We also have a new law relative to preventing association for restricting the application of artificial turf. HB-2131 was signed into law on March 30th. I was able to get a floor amendments introduced in both the House and the Senate that eliminated CAI’s intentional escape clause that would have allowed associations to totally circumvent the bill but could not convince the sponsor or the legislative counsel on the need to address the meaningless and inaccurate policy statement placed in the bill by CAI. What impact that will have on rules unrelated to artificial turf is yet to be seen.
            HB-2010 originally on first responder flags has been modified in the Senate to include “Uniformed services” flags and “blue Star and Gold Star” flags but is still waiting final vote in the Senate floor and while expected shortly will then have to go back to the house for reconsideration of the Senate amendments before moving on to the Governor. While I do not expect any substantial opposition to passage the question is, can it be accomplished prior to the session ending. The important thing to remember on this bill and the entire issue or protected flags is that the association has no right to restrict any flag unless the CC&R’s specifically restricts flags, and that restrictions on signs do not apply to flags. The only thing the statutes do is protect the right to fly specific flags irrespective of any restriction on flags in the governing documents. IT IS NOT A LISTING OF THE ONLY ALLOWED FLAGS.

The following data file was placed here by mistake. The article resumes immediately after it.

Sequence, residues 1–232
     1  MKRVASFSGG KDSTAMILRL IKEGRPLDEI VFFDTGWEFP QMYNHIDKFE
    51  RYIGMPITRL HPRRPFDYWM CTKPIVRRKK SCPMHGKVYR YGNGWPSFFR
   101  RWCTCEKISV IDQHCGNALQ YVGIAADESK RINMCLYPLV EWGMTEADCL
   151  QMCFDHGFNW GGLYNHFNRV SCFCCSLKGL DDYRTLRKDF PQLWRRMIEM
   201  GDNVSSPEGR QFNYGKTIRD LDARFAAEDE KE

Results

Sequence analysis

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To advocate, protect, support and advance the best interests and rights of all Common Interest Community members.
Copyright © 2022 Arizona Homeowners Coalition, All rights reserved.

We are not attorneys and any advice provided in this correspondence is not provided as a legal opinion, and cannot be used as such. We offer this advice based solely on our research and experience in dealing with HOA issues, in an effort to inform and communicate the literal written statutes and case decisions available to the public.